|Please click on the photo in order to enlarge it|
I had noted the presence of sets of parallel lines scratched in the wall of a pier in Norwich Cathedral when I first began the preliminary survey of the cathedral for the Norfolk Medieval Graffiti Survey well over a year ago now. Indeed, I have subsequently returned a number of times to this graffito and wondered... is it a musical stave? However, every time I looked, it seemed to be inconclusive. My problem, with hindsight, was twofold: on the one hand, perhaps my 'eye' (by which I mean, my brain!) hadn't attuned itself to the subtleties and nuances of the tantalising nature of some earlier 'graffiti'; on the other hand, the light was simply too clear and bright. That latter point was confirmed for me yesterday evening as I, once again, shone my light on these enigmatic lines - and suddenly I saw! The first thing I noted, was the consistent height of the faint vertical lines that intersected the stave. In these more favourable conditions I then began to discern the outlines of notes that, both, sat in the spaces between the lines, or, were drawn over them.
"By jingo!" I cried. I had found it.
Now, we're a good way from being able to establish a date range for this at present, but, intuitively, I know it to have some age. As with so many stone surfaces in Norfolk's churches, this section of wall has been sanded back at some point (oh the folly of 'sanitised' spaces!). This makes our task of 'reading' this archaeology all the more challenging.
As the pioneer of medieval graffiti archaeology, Violet Pritchard, notes in her seminal - though flawed - work ('English Medieval Graffiti', p144), although examples of musical graffiti do exist, good examples are rare. However, I think that most members of the Norfolk survey would agree, that - from the evidence of our work thus far - in our county any examples of musical notation are extremely unusual.
Indeed, the only other confirmed example is the one you see here at Horning church (one that several of our 'experts' - including me! - missed).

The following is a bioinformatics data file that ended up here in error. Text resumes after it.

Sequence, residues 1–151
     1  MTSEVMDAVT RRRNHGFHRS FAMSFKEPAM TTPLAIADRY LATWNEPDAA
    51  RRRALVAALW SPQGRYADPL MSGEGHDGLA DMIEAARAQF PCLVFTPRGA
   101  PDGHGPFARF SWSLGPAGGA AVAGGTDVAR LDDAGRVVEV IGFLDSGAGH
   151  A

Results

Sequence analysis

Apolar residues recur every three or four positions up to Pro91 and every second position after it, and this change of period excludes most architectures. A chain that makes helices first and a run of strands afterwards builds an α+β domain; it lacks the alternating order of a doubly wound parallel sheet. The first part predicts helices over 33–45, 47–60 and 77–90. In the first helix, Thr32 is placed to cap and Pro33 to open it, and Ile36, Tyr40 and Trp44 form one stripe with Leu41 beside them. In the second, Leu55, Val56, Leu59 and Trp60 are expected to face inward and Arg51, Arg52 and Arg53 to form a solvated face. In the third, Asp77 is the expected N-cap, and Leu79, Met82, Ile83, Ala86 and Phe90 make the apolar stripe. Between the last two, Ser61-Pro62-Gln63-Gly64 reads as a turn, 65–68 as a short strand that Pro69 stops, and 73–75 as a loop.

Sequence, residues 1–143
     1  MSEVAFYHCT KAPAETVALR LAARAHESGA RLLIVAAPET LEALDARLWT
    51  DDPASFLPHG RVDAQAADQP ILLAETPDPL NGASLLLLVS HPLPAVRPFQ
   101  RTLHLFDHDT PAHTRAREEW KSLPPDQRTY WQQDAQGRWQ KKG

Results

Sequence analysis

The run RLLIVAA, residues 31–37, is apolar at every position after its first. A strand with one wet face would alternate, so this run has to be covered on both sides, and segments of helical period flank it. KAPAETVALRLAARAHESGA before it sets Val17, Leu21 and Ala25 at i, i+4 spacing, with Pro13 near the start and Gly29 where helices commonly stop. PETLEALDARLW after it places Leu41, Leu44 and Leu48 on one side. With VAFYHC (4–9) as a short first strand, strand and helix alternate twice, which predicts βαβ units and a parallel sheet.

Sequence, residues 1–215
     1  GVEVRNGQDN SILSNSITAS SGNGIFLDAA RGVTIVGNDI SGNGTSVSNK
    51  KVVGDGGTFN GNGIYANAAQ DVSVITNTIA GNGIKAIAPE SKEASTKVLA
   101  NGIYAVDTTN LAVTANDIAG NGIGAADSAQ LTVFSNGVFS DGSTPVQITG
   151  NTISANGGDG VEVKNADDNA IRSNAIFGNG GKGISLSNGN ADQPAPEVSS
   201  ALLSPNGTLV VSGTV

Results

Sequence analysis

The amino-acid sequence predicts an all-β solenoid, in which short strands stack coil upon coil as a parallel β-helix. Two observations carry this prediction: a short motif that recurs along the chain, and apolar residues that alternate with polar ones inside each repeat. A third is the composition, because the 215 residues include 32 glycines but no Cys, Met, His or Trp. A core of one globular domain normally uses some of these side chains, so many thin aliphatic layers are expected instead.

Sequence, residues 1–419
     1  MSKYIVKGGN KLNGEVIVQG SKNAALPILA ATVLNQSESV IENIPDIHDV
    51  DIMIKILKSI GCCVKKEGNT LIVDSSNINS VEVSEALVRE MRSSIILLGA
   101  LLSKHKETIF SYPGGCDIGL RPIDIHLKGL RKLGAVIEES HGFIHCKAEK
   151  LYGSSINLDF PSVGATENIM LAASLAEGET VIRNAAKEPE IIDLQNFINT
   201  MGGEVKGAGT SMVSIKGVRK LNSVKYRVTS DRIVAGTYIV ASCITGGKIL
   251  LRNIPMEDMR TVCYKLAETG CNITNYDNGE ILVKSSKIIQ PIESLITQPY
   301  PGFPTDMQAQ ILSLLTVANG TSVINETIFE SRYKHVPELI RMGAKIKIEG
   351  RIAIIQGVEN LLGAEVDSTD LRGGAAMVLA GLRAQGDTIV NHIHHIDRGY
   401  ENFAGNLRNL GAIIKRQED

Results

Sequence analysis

So, piece by piece, material emerges. The archaeology of medieval graffiti is still very much in its infancy and, therefore, the field is necessarily kaleidoscopic. Our statements about the interpretation and meaning of much of the material we are finding have to be prefaced with disclaimers and qualifications. However, in an area where the 'ground rules' and assumptions have not - to use a terrible pun - yet been set in stone, it is exciting to be play a small part in beginning to establish the evidential basis of this surviving material culture.
On occasions, I can see people smiling patronisingly as I attempt to explain why I'm shining a torch and photographing apparently featureless walls. I think that they, perhaps, value the high culture of the monuments and other such legacies of the wealthy few who traditionally command the attention of historians. Our meagre scratchings don't carry the kudos and cultural authority and status of medieval church art. However, our focus will necessarily lead to a corrective vision (so to speak). The skewing of the evidence towards the legacies of the wealthiest 5-10% will be challenged and changed by our findings. Piece by piece - without the picture on the lid to guide us - we are beginning to assemble the puzzle. It's the old, 'who's story is it' scenario. For the record, the common folk will begin to speak - in time...
|Wall painting of St George and Dragon high|
on the wall at St Gregory's Church, Norwich
|Graffito, found low on a pier, at Marsham church, Norfolk.|
A possible George & Dragon, inspired by a Mummers play
(note 'tassles'/fringe on base of 'dragon')